Wednesday, April 17, 2024
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3 Question Types To Go From (Just) Retained To Highly Engaged And Happier Clients

After advisors do all of the work of bringing on a new client (Marketing! Prospecting! Onboarding! Compliance!), it can sometimes feel natural to let the relationship go into “maintenance mode”. And while all may appear well on the surface – the client rarely contacts the advisor with problems but they show up for every annual meeting – they may actually be feeling quite disengaged with the financial planning services being provided. This can result in fewer referrals and even the loss of the client, who might eventually opt to move their accounts to another (more appealing) advisory firm. 

Some types of client disengagement can be difficult to detect until it’s too late, as client disengagement manifests, by definition, as a lack of action, up until the client decides to leave the advisor altogether. Given how difficult it can be to detect forms of disengagement, it may be helpful to think of different levels of client engagement as part of a spectrum, where the most engaged client recognizes their advisor as a partner and guide; they are open to exploring new ideas proposed by their advisor, ask questions, and are willing to develop and maintain good habits. Clients on the lower levels of client engagement may tend to disregard their advisor’s instructions or have a limited understanding of what their advisor can do, simply viewing them as problem-solvers for pain points and not as sources of guidance to plan for – and reach! – important goals.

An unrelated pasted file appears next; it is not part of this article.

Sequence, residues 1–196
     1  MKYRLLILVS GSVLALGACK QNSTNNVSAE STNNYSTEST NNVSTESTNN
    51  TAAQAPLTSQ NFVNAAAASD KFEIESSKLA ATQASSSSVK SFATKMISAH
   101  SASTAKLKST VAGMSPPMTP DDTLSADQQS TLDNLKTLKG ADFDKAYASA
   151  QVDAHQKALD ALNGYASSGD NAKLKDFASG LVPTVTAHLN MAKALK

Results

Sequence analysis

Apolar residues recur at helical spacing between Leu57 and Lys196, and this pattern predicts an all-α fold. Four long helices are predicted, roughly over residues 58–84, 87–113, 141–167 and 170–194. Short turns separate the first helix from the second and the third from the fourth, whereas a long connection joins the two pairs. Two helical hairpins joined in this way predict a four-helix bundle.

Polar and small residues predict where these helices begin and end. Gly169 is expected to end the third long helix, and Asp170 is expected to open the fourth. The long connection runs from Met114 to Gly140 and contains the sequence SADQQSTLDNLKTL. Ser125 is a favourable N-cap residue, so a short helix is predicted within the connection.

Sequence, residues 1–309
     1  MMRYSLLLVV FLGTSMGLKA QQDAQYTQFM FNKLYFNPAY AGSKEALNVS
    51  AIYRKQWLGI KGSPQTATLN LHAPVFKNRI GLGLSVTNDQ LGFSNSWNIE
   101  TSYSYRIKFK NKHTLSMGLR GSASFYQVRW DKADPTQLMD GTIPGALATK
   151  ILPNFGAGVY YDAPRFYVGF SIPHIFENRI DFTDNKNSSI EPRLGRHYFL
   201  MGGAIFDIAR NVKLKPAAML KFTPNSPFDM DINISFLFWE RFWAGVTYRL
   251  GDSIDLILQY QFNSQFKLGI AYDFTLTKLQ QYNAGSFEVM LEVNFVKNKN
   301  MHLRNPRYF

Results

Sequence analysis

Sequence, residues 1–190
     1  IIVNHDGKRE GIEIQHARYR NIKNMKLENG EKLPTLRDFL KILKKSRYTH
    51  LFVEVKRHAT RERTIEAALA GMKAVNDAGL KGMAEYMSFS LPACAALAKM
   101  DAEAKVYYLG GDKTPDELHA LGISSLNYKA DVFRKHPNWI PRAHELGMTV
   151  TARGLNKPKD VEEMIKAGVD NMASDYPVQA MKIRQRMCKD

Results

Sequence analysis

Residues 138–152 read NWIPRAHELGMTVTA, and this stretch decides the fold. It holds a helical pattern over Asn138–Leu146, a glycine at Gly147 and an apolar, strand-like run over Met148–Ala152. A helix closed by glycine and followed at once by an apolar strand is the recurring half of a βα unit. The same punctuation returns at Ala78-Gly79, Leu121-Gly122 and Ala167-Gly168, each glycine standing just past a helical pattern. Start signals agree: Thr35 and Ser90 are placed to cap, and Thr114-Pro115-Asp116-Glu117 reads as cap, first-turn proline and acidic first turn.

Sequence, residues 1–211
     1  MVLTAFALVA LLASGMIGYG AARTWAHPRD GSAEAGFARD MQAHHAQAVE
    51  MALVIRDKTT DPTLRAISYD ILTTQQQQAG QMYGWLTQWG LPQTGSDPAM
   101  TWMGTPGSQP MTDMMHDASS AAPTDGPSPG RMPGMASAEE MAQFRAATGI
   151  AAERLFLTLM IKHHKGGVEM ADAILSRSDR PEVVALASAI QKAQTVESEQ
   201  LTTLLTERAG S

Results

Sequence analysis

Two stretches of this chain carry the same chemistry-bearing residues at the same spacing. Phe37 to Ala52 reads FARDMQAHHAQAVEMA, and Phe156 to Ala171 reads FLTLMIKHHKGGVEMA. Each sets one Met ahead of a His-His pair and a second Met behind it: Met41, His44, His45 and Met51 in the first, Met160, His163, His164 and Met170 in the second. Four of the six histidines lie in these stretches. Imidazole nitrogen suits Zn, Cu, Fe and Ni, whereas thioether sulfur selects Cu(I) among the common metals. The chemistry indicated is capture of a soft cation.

One particular key attribute of many disengaged clients is that they tend not to reach out when issues arise, which can create a vicious cycle precluding an advisor from providing deeper value (because they didn’t know there was an opportunity to do so in the first place) and resulting in the client’s failure to recognize the advisor as someone who could have provided guidance and value, reinforcing their decision not to reach out for help… and so on. 

However, advisors can address client disengagement by using questions that encourage client participation and invite them to engage more actively in the financial planning process. Questions such as “What is different from the last time we met?” and “What changes are coming up soon?” can help to reveal relevant talking points and planning opportunities at the beginning of the meeting that the disengaged client may not have thought about mentioning on their own. Additionally, checking in with clients deeper into the meeting to monitor any potential financial anxiety can facilitate a more open and honest discussion if there are issues that a client has, but have not yet surfaced. For example, advisors might ask how confident the client feels with their financial plan or what worries them most (or least) about their finances. Finally, asking for feedback at the end of the meeting can help the client recognize that the advisor values their engagement and input; it also helps them recognize the progress they’ve made and the advisor’s role in achieving that progress. Facilitating another opportunity for honesty and discussion provides another way to build trust and encourage client engagement.

Ultimately, the key point is that highly engaged clients not only provide more referrals and recognize their advisors’ value, but they also tend to be more enjoyable to work with. And by carefully choosing the right questions to ask, advisors can recognize their clients’ engagement levels and ensure that more of them are (and stay!) fully engaged!

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